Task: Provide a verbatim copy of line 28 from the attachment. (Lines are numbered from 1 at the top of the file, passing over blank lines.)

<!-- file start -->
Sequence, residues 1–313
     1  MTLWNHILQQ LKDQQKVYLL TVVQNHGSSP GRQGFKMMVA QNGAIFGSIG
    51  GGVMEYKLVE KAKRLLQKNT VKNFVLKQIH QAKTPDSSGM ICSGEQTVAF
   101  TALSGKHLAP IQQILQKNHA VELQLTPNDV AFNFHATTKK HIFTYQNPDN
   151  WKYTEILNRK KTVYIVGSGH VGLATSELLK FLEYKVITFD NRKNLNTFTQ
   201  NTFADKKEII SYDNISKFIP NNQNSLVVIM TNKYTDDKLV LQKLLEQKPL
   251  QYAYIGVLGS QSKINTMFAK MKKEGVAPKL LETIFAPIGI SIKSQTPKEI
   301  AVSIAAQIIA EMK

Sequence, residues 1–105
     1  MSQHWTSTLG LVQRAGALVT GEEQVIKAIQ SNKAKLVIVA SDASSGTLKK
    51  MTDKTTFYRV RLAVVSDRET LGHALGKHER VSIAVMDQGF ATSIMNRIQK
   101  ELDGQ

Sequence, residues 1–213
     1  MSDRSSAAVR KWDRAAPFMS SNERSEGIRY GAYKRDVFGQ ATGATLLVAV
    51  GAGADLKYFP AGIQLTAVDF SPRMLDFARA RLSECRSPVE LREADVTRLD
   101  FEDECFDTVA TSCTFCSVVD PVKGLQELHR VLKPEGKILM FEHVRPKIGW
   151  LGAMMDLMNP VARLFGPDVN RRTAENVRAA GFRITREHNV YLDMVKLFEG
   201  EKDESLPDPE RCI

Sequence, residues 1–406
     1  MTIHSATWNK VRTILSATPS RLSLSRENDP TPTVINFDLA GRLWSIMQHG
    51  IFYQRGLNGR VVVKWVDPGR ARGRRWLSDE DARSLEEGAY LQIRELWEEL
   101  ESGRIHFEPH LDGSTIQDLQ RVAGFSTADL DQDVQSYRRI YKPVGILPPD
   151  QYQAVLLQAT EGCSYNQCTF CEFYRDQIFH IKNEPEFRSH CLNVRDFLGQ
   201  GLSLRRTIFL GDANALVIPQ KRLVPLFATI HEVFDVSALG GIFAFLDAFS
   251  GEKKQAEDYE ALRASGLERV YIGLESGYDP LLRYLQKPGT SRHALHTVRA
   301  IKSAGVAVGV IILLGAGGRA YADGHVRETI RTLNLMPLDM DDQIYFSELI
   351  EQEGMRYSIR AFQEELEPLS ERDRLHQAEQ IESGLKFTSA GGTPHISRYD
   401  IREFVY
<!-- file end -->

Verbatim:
   401  IREFVY